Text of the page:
You liked the first video this one is even bigger it seems
Really is scotte1
I grew up in that neck of the woods (NW Indiana, actually) and have driven by that church in that part of town on more than one occasion. There is a great Cheesecake Factory restaurant across the street in the John Hancock Building.
I live 6 blocks or so from the 4th Presbyterian. The instrument is the Andrew Pipe Organ, named after the benefactors who seeded the organ restoration project. I can say I’m lucky enough to have heard this magnificent organ live. It’s a thing of aural beauty. Btw the Cheesecake Factory, which is ‘below’ Big John, is worth dining at simply to marvel at the unique, quirky interior decor.
It is wonderful these instruments are still being built.
You are fortunate to have heard it.
I”ve also heard organs in Europe: Britain and the Continent (France in particular). Beyond the majesty of what of these instruments can produce sonically, what I really appreciate is the fact each is unique. A pipe organ is an integral part of the structure it is installed in, which makes design and implementation a challenge. It has to be acoustically compatible and aesthetically appealing. They can considered works of art, not just musical instruments. Yeah, I’m smitten by pipe organs huge and not so huge.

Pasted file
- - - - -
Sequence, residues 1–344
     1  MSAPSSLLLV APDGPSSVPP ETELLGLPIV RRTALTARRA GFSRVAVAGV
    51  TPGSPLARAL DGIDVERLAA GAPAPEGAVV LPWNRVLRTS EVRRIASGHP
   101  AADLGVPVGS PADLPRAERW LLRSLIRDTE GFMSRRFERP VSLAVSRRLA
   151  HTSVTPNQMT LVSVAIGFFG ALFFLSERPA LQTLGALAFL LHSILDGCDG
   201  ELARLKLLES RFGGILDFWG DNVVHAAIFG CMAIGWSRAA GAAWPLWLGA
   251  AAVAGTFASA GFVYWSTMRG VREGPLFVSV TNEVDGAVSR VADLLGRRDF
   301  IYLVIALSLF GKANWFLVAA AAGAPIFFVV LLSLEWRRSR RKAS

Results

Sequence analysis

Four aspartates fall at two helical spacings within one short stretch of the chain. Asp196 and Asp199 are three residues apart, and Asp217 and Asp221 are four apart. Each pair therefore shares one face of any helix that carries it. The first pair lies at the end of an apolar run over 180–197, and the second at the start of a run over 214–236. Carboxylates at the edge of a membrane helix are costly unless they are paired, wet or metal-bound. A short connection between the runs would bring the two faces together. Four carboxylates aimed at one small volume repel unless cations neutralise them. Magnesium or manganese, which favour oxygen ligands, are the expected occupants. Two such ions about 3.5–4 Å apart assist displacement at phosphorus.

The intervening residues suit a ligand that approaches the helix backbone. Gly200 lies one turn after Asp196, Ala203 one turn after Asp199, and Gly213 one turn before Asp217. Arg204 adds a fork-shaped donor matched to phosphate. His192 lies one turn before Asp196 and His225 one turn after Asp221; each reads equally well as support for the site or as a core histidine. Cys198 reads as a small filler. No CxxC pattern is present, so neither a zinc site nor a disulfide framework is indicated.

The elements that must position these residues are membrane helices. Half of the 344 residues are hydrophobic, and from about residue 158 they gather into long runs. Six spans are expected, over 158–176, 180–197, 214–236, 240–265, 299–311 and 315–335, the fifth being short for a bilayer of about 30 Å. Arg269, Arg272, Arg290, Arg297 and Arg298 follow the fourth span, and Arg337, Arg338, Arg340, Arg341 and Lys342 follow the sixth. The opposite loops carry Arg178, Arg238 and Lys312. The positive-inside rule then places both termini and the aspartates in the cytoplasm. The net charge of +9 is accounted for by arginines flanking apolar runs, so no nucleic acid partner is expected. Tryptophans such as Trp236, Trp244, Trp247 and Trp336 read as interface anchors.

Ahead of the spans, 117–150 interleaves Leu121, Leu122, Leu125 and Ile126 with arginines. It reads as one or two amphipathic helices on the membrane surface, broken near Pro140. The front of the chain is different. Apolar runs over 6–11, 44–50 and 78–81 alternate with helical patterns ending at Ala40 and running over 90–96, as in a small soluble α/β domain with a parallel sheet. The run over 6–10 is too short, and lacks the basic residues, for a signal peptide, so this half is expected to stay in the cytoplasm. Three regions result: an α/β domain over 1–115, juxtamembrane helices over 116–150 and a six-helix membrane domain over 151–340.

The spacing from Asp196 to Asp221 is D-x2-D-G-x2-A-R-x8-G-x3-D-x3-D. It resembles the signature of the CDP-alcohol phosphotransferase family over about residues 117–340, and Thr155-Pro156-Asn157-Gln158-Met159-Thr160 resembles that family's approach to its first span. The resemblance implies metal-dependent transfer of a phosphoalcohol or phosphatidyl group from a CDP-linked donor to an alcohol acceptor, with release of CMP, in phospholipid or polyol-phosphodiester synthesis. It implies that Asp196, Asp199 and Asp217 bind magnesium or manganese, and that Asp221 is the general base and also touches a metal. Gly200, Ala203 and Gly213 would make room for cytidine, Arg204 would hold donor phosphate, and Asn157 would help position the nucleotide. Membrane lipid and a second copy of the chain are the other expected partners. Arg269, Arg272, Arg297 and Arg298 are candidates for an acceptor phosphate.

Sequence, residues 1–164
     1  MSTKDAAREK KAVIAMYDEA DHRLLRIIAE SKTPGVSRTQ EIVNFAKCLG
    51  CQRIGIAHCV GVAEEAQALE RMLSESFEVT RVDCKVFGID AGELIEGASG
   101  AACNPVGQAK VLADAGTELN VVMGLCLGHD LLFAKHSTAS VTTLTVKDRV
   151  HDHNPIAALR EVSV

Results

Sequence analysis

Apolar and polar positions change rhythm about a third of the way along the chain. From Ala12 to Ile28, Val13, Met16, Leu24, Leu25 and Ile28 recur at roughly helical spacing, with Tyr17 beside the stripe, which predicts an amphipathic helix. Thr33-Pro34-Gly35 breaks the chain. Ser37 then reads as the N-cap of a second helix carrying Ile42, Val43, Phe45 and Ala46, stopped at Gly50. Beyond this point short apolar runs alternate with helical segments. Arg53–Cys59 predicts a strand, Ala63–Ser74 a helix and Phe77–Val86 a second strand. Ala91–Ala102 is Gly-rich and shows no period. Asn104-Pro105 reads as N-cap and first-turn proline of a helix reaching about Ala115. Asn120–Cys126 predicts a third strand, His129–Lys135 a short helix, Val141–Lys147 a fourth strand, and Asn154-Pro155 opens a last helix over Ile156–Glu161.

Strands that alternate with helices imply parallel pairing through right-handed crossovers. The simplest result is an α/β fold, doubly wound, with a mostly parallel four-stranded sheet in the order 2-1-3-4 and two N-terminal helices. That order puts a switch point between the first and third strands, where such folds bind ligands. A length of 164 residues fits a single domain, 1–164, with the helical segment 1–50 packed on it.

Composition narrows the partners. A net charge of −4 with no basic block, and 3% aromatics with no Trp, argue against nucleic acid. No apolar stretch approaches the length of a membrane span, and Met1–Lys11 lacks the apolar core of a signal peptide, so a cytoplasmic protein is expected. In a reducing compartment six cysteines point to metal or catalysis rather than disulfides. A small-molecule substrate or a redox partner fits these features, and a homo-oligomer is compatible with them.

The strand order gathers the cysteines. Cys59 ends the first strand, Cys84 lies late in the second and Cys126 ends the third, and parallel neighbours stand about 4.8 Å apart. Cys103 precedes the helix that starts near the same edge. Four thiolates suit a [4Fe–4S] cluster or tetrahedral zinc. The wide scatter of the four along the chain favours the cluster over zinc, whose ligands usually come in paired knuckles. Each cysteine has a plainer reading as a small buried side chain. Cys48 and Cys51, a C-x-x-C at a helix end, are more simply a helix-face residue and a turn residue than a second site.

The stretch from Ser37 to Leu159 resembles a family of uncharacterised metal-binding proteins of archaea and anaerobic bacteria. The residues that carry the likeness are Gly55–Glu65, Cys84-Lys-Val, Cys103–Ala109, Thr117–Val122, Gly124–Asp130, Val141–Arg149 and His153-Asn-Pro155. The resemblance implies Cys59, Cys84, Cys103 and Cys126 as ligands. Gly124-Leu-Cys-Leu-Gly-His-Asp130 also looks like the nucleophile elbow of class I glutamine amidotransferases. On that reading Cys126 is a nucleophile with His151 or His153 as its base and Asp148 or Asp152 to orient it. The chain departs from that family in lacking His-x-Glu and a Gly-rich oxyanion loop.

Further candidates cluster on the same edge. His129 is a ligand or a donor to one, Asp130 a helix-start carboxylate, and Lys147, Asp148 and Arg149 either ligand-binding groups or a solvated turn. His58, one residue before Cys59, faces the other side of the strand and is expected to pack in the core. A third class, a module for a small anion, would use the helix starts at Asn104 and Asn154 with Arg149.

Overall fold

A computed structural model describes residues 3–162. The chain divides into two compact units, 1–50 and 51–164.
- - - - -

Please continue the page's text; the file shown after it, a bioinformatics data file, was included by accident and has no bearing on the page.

shame disrespect is shown, as in wearing a hat. I remember forgetting to take my cap off back in 2002 at Notre dam in Paris, and got told off by a nun
Not an organ, but still . . . . I remember the time I was at an outdoor concert in Austria and first saw one of these. Pretty unforgettable!
I have played alphorns, great fun. Neat tradition. They are a good sized uncoiled trumpet. Modern versions are easily disassembled for transport and some are made out of carbon fiber for lightness.
Mozart wrote a piece for alphorn and strings.